Shaggy 2 Dope, left, and Violent J make of the rap duo Insane Clown Posse, seen here in their stage makeup in 1999.
Joseph Cultice AP

Originally published on Fri July 12, 2013 9:49 am

The bands Phish and Insane Clown Posse have spawned some of the most rabid fans in music history. Their world of obsession is not an easy one to break into, but on a warm December night in Miami back in 2009, pop culture writer Nathan Rabin went to see a concert that would inspire him to enter the orbit of these infamous groupies.

He wrote a book about them, You Don't Know Me But You Don't Like Me, and tells weekends on All Things Considered guest host Rebecca Sheir about his first-hand look at the two often-reviled sub-cultures.

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Movie Interviews
2:22 pm
Sat July 6, 2013

The Man Who Helps Johnny Depp Put His Face On

With a long history of Johnny Depp collaborations — from Edward Scissorhands through the Pirates of the Caribbean films to this summer's The Lone Ranger — Joel Harlow knows that sometimes you've just gotta ignore the dead crow and get on with the job.
Peter Mountain Walt Disney Pictures

Originally published on Fri July 12, 2013 9:49 am

When Joel Harlow started his career, he was perfectly happy sleeping on the floor — as long as he was making monsters. He was doing what he always wanted: working as a makeup artist.

Years later, Harlow is no longer using peanut butter for monster touch-ups (yes, that happened). He's worked with actor Johnny Depp on about a dozen films with some rather makeup-heavy characters.

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The Salt
1:47 pm
Sat July 6, 2013

The Art Of Food: Museum Celebrates Iconic Catalan Chef's Cuisine

Catalan chef Ferran Adrià poses with plasticine models of his food on display at Somerset House in London. A new exhibit looks back at the influential modernist chef and his landmark restaurant, El Bulli.
Matthew Lloyd Getty Images for Somerset House

Originally published on Tue July 9, 2013 9:20 am

The man once hailed as the "Salvador Dali of the kitchen" is getting his own art exhibit.

Ferran Adrià might not be a household name, but for nearly three decades, as chef and mastermind of the acclaimed Catalan Spanish restaurant El Bulli, he moussed, foamed and otherwise re-imagined cuisine in modernist ways that have inspired many of the world's top chefs.

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The Two-Way
12:37 pm
Sat July 6, 2013

Developing: Boeing 777 Crashes At San Francisco International

Traffic backs up on Route 101 after the crash.
Sarah Rice Getty Images

Originally published on Sun July 7, 2013 4:47 am

Two people died Saturday in the crash-landing at San Francisco International Airport of Asiana Airlines Flight 214 from Seoul, South Korea, San Francisco's fire chief says.

Fire Chief Joanne Hayes-White says everyone who had been on board the flight is accounted for.

National Transportation Safety Board chairwoman Debbie Hersman said investigators were being deployed to the scene.

"Obviously, we have a lot of work to do," she said, noting that it was too early to tell what had caused the crash.

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The Two-Way
12:09 pm
Sat July 6, 2013

VIDEO: Inferno In Quebec Town When Train Explodes

Originally published on Sat July 6, 2013 2:13 pm

At least one person has died, CTV News reports, after a freight train pulling tank cars full of crude oil exploded early Saturday in a small Quebec town about 160 miles east of Montreal.

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The Two-Way
10:58 am
Sat July 6, 2013

ElBaradei To Be Egypt's Prime Minister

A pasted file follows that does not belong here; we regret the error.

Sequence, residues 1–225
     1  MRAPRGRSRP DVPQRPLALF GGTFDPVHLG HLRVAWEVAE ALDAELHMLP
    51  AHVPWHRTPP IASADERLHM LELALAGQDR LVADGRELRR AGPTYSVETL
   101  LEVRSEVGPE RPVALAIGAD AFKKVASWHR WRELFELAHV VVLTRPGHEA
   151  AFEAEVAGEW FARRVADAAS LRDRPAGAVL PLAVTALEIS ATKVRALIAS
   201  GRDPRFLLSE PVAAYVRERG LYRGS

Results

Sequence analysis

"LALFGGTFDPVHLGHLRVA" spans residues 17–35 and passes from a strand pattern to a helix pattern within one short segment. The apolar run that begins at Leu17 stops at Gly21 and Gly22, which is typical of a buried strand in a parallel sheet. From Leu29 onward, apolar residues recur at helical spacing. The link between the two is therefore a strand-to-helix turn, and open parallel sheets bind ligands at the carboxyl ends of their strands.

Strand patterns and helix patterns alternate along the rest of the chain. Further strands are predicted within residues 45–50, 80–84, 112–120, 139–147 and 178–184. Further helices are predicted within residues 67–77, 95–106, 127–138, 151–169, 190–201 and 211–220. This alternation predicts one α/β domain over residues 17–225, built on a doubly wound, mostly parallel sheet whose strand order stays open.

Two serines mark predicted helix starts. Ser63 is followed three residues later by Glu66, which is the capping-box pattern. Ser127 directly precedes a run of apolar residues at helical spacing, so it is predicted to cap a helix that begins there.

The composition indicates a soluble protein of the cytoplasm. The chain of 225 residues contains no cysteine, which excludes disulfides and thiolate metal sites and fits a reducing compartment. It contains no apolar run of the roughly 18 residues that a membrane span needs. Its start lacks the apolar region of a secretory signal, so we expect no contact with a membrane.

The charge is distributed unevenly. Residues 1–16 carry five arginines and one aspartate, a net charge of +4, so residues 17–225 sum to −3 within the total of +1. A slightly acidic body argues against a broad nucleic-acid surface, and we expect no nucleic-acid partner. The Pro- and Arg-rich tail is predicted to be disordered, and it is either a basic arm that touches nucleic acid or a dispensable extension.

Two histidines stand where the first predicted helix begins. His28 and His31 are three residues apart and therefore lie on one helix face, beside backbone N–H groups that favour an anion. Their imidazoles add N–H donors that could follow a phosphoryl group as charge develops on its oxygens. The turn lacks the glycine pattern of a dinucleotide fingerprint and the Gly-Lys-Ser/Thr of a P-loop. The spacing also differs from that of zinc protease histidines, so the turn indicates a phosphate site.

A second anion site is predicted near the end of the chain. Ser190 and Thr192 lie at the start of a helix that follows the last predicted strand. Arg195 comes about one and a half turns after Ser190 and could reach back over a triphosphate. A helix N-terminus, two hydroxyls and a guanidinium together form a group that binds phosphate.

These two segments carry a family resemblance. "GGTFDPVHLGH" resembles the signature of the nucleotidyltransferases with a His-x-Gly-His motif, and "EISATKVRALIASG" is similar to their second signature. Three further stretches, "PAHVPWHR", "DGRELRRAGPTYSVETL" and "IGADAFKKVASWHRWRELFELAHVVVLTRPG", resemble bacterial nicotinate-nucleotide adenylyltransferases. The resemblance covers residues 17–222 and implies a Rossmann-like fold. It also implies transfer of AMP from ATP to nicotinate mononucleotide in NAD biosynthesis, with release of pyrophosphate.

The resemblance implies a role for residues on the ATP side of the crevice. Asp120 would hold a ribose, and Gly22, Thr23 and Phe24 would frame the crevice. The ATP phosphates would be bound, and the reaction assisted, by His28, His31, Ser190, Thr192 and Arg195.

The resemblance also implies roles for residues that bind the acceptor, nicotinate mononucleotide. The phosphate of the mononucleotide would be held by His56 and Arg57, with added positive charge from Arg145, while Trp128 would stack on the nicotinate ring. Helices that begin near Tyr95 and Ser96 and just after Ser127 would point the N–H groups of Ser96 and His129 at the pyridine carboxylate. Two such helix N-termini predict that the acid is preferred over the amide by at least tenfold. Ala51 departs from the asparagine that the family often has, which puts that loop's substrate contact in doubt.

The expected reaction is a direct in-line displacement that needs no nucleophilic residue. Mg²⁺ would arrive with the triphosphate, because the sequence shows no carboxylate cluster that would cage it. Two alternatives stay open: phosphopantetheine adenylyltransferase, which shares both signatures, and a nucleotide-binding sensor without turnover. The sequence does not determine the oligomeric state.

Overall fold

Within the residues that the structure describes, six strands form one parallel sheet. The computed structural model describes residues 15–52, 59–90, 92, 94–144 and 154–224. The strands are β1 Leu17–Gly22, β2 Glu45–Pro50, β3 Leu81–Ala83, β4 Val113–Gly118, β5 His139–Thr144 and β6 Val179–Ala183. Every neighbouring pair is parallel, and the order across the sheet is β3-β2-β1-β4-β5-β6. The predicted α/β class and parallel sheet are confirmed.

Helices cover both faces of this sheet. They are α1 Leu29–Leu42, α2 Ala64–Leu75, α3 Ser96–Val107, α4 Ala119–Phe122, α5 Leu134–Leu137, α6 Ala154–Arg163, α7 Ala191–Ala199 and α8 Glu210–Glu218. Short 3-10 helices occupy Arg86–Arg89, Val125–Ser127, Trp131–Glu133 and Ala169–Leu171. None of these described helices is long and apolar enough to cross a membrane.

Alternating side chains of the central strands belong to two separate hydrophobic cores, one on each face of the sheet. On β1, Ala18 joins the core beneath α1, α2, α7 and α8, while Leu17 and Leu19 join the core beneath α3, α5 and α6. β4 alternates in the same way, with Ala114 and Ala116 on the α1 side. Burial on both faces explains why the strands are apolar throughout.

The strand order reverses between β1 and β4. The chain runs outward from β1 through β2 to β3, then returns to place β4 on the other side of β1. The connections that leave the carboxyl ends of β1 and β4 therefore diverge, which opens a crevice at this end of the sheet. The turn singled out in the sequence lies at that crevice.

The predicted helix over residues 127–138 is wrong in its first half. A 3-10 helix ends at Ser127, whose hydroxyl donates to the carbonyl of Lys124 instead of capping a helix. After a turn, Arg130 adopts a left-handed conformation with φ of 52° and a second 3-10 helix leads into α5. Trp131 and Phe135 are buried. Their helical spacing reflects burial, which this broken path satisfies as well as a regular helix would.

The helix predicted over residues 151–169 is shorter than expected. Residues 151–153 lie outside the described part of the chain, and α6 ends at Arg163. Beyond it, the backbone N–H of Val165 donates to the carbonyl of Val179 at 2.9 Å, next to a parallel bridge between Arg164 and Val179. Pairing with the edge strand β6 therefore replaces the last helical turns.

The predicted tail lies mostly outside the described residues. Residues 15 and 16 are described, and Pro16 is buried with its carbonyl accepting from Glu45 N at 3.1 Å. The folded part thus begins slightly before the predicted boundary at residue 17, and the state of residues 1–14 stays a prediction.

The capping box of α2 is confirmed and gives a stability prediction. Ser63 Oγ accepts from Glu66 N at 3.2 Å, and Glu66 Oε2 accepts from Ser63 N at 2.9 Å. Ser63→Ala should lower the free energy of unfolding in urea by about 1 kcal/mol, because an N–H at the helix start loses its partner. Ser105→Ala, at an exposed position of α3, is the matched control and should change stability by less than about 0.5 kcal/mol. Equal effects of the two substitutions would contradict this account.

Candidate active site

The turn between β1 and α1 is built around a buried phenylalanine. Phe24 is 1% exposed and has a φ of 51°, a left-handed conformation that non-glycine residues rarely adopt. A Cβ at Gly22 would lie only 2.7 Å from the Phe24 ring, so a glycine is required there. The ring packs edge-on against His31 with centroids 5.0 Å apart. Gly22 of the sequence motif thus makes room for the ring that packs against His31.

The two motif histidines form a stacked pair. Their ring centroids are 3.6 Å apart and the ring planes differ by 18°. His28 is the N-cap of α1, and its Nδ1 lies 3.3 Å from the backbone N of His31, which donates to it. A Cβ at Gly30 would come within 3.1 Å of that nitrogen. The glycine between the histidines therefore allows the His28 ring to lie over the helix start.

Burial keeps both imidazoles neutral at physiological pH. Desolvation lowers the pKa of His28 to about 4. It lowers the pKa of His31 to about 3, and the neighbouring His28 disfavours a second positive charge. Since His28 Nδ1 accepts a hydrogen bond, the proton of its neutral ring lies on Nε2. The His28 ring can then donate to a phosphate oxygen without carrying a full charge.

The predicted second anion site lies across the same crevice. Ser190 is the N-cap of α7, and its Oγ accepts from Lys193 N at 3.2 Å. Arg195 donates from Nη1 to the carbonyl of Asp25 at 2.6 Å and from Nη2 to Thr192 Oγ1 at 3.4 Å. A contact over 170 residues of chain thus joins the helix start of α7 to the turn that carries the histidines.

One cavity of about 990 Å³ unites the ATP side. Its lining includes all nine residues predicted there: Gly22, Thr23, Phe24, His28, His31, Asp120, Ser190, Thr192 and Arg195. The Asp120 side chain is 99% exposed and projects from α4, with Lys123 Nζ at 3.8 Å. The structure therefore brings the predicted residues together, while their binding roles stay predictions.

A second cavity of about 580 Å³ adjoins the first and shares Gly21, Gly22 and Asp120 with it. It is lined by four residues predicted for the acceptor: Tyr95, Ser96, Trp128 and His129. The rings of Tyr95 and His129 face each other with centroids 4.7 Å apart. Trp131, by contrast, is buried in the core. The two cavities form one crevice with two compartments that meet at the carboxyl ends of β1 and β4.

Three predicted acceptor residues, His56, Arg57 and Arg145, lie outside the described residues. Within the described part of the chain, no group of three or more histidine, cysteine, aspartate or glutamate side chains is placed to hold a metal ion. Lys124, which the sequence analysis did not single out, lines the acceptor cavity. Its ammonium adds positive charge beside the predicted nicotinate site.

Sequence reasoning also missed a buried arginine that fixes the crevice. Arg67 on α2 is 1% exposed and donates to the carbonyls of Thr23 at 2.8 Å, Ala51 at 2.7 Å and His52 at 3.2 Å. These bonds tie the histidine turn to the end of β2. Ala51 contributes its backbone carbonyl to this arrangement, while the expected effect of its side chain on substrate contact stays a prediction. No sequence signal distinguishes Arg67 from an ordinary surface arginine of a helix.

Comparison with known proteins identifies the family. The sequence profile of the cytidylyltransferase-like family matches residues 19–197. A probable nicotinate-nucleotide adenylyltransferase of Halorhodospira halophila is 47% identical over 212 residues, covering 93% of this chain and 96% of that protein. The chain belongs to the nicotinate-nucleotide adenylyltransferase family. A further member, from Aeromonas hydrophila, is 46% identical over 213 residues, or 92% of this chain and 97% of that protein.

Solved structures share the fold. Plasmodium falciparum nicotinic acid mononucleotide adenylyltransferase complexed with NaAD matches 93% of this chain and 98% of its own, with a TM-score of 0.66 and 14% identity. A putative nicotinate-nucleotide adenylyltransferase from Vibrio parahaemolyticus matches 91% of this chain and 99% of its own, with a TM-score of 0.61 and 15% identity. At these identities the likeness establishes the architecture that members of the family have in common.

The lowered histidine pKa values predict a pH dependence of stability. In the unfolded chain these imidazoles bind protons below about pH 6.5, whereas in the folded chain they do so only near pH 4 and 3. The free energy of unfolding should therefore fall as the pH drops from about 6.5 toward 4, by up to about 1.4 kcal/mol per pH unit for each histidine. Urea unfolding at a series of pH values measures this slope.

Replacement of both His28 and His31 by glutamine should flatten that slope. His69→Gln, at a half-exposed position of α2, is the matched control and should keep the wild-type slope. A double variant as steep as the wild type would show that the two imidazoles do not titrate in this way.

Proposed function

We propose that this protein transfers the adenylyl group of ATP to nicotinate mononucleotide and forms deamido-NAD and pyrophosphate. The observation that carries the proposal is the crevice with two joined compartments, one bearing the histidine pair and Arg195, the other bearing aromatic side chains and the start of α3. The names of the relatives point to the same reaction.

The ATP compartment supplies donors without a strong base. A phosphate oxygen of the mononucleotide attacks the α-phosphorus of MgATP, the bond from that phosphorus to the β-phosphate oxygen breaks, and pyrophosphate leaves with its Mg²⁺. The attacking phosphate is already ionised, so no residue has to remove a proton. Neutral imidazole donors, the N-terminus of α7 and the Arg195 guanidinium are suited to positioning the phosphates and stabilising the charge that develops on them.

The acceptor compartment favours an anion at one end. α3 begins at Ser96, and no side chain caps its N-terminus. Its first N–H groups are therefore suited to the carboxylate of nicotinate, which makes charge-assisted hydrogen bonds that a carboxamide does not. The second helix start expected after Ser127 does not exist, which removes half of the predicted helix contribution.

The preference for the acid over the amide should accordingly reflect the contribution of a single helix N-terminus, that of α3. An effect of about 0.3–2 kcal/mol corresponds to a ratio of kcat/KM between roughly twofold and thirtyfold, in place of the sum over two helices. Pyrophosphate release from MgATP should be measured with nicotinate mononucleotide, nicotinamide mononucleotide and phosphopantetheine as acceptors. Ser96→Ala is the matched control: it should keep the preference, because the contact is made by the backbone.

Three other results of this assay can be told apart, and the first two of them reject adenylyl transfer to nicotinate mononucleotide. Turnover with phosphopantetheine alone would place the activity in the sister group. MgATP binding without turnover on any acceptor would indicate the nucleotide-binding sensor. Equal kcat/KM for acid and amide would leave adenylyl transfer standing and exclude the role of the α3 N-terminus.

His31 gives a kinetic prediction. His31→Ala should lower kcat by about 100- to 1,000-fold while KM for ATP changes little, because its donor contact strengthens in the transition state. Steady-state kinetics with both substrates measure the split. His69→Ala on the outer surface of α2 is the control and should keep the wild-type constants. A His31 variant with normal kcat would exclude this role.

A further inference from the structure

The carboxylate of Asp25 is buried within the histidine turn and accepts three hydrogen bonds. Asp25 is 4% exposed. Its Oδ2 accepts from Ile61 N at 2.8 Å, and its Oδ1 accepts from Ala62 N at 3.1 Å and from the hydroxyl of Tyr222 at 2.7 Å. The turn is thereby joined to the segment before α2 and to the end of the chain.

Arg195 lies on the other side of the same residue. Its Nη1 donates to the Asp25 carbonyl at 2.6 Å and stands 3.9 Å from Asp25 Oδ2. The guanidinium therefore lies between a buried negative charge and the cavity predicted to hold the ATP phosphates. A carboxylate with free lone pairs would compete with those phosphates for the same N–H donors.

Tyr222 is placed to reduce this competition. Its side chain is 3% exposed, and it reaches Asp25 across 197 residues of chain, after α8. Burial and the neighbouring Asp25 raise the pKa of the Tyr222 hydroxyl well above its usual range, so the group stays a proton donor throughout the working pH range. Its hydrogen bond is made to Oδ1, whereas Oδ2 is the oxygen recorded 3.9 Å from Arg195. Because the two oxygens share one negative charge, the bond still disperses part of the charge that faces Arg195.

Mohamed ElBaradei.
Mohamed Abid El Ghany Reuters/Landov

Originally published on Sat July 6, 2013 5:00 pm

(Click here for our most recent updates.)

The office of the interim Egyptian president is now backtracking on reports of the appointment of Mohamed ElBaradei as prime minister. NPR's Leila Fadel reports this comes "after the second-largest Islamist party in Egypt [Salfi el-Nour], which has so far been on board with the military coup, reportedly rejected the appointment."

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The Two-Way
9:45 am
Sat July 6, 2013

Year Later, 'Aaron's Last Wish' To Leave A $500 Tip Lives On

Aaron Collins, who wanted to leave a big tip.
Facebook.com/AaronsLastWish
  • Seth Collins on the decision to spread the tips around the nation
  • Seth Collins on being happy to show people that good things can happen

Sunday brings a sad memory for the family of Aaron Collins. It marks one year since the 30-year-old Kentucky man died.

But the heart warming story of "Aaron's last wish" continues.

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The Two-Way
8:05 am
Sat July 6, 2013

France's Marion Bartoli Wins Women's Title At Wimbledon

France's Marion Bartoli celebrates her women's singles championship at The All England Lawn Tennis and Croquet Club in Wimbledon.
Dominic Lipinski PA Photos/Landov

Marion Bartoli of France won the women's singles title at Wimbledon on Saturday, defeating Germany's Sabine Lisicki in straight sets, 6-1, 6-4.

It's Bartoli's first "Grand Slam" title.

Sports Illustrated was posting "live analysis" through the match. At the end, it wrote that:

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The Two-Way
7:41 am
Sat July 6, 2013

Giffords Reaches 'Responsible Gun Owners' At Firing Ranges

Former Rep. Gabrielle Giffords, D-Ariz., at a firing range in Nevada earlier this week. Her husband, retired astronaut Mark Kelly, was behind her.
Americans for Responsible Solutions
  • From 'Weekend Edition Saturday': Mark Kelly talks with NPR's Linda Wertheimer

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National Security
6:54 am
Sat July 6, 2013

Defense Contractors See Their Futures In Developing World

A mannequin in night-vision goggles is part of a display at a border-security expo in Pheonix last year. Defense companies are seeking growth in markets in the developing world, or in homeland and cybersecurity.
Amanda Meyers AP

Originally published on Sat July 6, 2013 2:12 pm

Defense manufacturers worldwide are facing tough times ahead, as tight budgets force Western governments to cut spending. But while the West is cutting back, developing countries around the world are spending more on defense — a lot more.

Last fall, defense contractors warned of massive layoffs if the U.S. government enacted the automatic budget cuts known as sequestration. Now, sequestration is in effect, but job losses are limited, in part because many Pentagon contracts were already in place and will keep assembly lines rolling for much of this year.